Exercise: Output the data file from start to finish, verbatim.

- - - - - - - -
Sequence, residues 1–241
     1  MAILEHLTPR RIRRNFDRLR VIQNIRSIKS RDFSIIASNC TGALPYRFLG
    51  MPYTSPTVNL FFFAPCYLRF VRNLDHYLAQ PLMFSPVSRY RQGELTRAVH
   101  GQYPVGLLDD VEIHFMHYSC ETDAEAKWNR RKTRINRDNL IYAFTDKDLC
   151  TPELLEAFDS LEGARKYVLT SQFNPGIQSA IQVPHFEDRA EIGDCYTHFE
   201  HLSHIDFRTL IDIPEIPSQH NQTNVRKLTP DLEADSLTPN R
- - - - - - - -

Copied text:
Sequence, residues 1–241
     1  MAILEHLTPR RIRRNFDRLR VIQNIRSIKS RDFSIIASNC TGALPYRFLG
    51  MPYTSPTVNL FFFAPCYLRF VRNLDHYLAQ PLMFSPVSRY RQGELTRAVH
   101  GQYPVGLLDD VEIHFMHYSC ETDAEAKWNR RKTRINRDNL IYAFTDKDLC
   151  TPELLEAFDS LEGARKYVLT SQFNPGIQSA IQVPHFEDRA EIGDCYTHFE
   201  HLSHIDFRTL IDIPEIPSQH NQTNVRKLTP DLEADSLTPN R